There can be other factors at play, too. For example, Ohio, the second-cheapest state on the list, has more than 250 companies that write car insurance policies, according to the Ohio Insurance Institute, and the competition helps keep rates down. Hawaii and Washington have more heavily regulated insurance systems, Heller says, making it more difficult for insurers to increase rates and use certain factors, like credit scores, to price auto insurance.
These are the five least expensive states for car insurance:
1. Maine: $965
2. Ohio: $1,034
3. Idaho: $1,045
4. Hawaii: $1, 127
5. Washington: $1,176
Top 5 Most Expensive States for Car Insurance
The places with the priciest car insurance aren’t concentrated in one region of the U.S; they’re all over the country.
While it might make sense that states with high traffic and dangerous weather have higher insurance premiums, that doesn’t entirely explain why car insurance is so expensive in certain states. For example, insurance companies are more wary of Louisiana drivers because nearly 12% are uninsured and about 40% only have the state minimum coverage of $15,000 per person and $30,000 per accident, which is low compared to other states.
“Some states are more protective of consumers and want to make sure rates are more fair, and others have very limited oversight over insurance companies,” says Heller. “That can drive real differences in rates. ”
Two other states on the list also have an unusually higher number of uninsured drivers: Michigan at nearly 26%, the second-highest in the country, and Florida, at about 20%. When an uninsured driver crashes, the cost of the accident is passed along to insured drivers, typically through higher premiums. But there’s a reason Michigan, a no-fault state, has so many uninsured drivers: it has some of the highest minimum coverage requirements for auto insurance in the country, which has made coverage unaffordable for many.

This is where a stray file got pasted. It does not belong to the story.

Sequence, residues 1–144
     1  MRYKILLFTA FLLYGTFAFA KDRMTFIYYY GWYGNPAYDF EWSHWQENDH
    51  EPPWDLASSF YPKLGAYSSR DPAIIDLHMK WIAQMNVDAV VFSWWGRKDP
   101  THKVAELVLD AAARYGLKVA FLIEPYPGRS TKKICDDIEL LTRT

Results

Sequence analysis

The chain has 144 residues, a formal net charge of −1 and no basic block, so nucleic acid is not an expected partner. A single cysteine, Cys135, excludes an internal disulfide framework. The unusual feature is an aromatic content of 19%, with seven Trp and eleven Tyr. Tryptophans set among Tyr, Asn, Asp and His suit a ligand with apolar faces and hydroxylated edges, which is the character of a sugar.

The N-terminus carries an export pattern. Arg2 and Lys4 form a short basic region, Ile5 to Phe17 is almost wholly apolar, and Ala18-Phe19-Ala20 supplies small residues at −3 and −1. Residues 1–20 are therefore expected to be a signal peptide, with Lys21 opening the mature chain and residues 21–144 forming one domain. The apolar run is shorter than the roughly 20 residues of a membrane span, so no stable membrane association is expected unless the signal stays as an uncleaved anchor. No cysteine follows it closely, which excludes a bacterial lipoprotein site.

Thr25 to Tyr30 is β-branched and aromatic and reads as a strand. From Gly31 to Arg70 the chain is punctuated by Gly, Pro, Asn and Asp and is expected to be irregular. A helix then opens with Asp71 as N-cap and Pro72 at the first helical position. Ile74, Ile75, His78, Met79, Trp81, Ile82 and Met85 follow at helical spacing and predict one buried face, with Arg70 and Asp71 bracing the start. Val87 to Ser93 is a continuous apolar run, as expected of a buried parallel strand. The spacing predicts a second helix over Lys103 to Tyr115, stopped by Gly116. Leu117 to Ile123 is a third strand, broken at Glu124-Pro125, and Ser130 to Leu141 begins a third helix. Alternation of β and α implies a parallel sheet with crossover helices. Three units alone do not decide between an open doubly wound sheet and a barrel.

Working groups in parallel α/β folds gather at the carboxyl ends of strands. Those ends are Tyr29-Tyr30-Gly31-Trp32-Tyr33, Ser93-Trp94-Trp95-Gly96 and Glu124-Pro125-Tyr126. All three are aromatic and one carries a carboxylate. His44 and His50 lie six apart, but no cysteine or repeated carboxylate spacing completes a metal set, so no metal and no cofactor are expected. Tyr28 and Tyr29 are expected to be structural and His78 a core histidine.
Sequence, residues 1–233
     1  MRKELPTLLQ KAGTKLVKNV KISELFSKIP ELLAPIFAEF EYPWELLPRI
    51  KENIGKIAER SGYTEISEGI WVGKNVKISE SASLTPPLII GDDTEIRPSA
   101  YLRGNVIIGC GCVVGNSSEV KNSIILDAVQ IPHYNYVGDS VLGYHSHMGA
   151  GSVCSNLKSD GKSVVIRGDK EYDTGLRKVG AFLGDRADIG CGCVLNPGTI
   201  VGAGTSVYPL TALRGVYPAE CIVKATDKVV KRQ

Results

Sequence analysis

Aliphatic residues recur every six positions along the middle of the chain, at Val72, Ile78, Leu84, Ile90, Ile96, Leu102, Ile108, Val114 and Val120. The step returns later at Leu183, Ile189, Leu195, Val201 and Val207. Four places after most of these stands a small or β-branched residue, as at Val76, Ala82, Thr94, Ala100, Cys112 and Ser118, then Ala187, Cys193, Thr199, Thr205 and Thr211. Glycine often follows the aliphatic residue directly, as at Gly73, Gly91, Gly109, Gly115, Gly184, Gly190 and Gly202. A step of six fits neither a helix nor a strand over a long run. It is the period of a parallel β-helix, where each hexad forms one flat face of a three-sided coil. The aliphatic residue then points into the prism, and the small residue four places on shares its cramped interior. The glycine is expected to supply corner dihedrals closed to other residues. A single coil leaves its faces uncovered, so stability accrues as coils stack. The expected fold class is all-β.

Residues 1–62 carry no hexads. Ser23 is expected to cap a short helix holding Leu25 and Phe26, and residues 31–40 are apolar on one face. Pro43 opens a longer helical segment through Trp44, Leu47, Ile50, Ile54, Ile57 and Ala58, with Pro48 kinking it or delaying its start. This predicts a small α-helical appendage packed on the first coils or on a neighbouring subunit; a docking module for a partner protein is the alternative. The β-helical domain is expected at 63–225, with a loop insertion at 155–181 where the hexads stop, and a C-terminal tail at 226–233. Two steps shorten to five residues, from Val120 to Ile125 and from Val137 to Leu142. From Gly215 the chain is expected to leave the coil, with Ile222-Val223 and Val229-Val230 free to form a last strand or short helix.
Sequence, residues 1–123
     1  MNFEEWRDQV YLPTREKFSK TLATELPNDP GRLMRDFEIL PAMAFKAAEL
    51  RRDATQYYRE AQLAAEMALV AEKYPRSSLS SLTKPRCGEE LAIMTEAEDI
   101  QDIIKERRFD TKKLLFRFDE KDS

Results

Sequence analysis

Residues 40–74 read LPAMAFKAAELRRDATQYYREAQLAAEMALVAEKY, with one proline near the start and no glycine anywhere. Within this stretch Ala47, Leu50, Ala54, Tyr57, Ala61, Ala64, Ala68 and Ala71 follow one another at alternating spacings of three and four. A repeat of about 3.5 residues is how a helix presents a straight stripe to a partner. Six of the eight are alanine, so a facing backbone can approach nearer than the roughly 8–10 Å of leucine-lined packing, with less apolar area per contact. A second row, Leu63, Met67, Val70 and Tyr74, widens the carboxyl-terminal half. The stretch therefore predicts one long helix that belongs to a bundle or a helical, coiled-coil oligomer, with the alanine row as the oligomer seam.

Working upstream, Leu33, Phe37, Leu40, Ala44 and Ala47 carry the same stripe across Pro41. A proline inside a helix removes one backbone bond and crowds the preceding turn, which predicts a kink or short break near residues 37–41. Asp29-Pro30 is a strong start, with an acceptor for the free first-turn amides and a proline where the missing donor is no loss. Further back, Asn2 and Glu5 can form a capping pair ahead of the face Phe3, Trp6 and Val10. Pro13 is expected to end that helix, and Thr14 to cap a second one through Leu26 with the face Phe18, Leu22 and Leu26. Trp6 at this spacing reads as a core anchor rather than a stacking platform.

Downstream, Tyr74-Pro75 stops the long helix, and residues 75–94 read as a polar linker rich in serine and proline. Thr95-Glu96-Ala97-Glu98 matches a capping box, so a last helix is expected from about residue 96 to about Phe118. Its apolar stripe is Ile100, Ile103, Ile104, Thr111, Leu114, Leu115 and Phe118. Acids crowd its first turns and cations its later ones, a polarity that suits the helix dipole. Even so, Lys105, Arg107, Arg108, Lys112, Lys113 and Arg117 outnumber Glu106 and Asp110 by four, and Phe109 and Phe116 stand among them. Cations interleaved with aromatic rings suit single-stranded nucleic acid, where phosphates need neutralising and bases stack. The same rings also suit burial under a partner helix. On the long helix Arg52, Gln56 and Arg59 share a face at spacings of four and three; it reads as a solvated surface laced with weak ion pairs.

“Because Michigan is a no-fault state, drivers have to purchase a type of protection called personal injury protection (PIP),” says Adams. “It’s going to pay for injuries after you get into a crash no matter who’s responsible, and that coverage tends to be expensive.”
These are the five most expensive states for car insurance:
1. Louisiana: $2,724
2. Florida: $2,364
3. Michigan: $2,309
4. New York: $2,321
5. Nevada: $2,245
The Bottom Line
These numbers are no more than a comparative snapshot of what auto insurance costs in your state; your insurance bill will invariably differ from the state average. Even within a state, rates can fluctuate according to your ZIP code. Auto insurance rates are affected by the car you drive, your age and driving habits, the types of coverage you choose, and more.
“It’s good for consumers to know if they are above or below average when it comes to paying for auto insurance,” says Adams. “If you are paying above average rates, you really want to find out why and ask questions.”
Rates can also vary significantly among insurers, so it pays to shop around and compare insurers at least once a year.
“Shopping more is better than shopping less,” says Adams. “It gives you more information to make a smart decision, and it doesn’t negatively impact you in any way. Only good things can come from shopping around for auto insurance.”